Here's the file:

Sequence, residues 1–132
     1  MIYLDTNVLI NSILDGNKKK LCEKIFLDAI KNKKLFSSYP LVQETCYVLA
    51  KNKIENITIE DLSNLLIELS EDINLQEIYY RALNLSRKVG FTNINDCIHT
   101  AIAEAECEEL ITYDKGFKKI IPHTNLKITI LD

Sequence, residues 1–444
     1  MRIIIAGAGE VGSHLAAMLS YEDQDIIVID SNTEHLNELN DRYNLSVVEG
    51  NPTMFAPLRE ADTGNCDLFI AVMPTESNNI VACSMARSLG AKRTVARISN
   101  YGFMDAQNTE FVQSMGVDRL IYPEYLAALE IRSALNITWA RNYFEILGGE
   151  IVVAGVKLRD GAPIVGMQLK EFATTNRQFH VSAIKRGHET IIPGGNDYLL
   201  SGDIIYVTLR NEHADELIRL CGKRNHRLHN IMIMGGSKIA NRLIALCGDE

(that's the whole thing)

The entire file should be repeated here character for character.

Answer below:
Sequence, residues 1–132
     1  MIYLDTNVLI NSILDGNKKK LCEKIFLDAI KNKKLFSSYP LVQETCYVLA
    51  KNKIENITIE DLSNLLIELS EDINLQEIYY RALNLSRKVG FTNINDCIHT
   101  AIAEAECEEL ITYDKGFKKI IPHTNLKITI LD

Sequence, residues 1–444
     1  MRIIIAGAGE VGSHLAAMLS YEDQDIIVID SNTEHLNELN DRYNLSVVEG
    51  NPTMFAPLRE ADTGNCDLFI AVMPTESNNI VACSMARSLG AKRTVARISN
   101  YGFMDAQNTE FVQSMGVDRL IYPEYLAALE IRSALNITWA RNYFEILGGE
   151  IVVAGVKLRD GAPIVGMQLK EFATTNRQFH VSAIKRGHET IIPGGNDYLL
   201  SGDIIYVTLR NEHADELIRL CGKRNHRLHN IMIMGGSKIA NRLIALCGDE